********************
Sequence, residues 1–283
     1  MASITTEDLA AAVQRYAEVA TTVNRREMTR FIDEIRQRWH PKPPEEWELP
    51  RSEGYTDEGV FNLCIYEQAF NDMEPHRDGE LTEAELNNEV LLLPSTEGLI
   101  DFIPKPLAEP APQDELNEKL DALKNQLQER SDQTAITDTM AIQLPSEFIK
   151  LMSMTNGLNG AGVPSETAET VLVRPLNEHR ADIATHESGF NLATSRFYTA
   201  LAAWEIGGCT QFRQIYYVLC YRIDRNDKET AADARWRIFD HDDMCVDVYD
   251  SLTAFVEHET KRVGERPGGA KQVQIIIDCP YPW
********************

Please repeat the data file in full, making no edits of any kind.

Sequence, residues 1–283
     1  MASITTEDLA AAVQRYAEVA TTVNRREMTR FIDEIRQRWH PKPPEEWELP
    51  RSEGYTDEGV FNLCIYEQAF NDMEPHRDGE LTEAELNNEV LLLPSTEGLI
   101  DFIPKPLAEP APQDELNEKL DALKNQLQER SDQTAITDTM AIQLPSEFIK
   151  LMSMTNGLNG AGVPSETAET VLVRPLNEHR ADIATHESGF NLATSRFYTA
   201  LAAWEIGGCT QFRQIYYVLC YRIDRNDKET AADARWRIFD HDDMCVDVYD
   251  SLTAFVEHET KRVGERPGGA KQVQIIIDCP YPW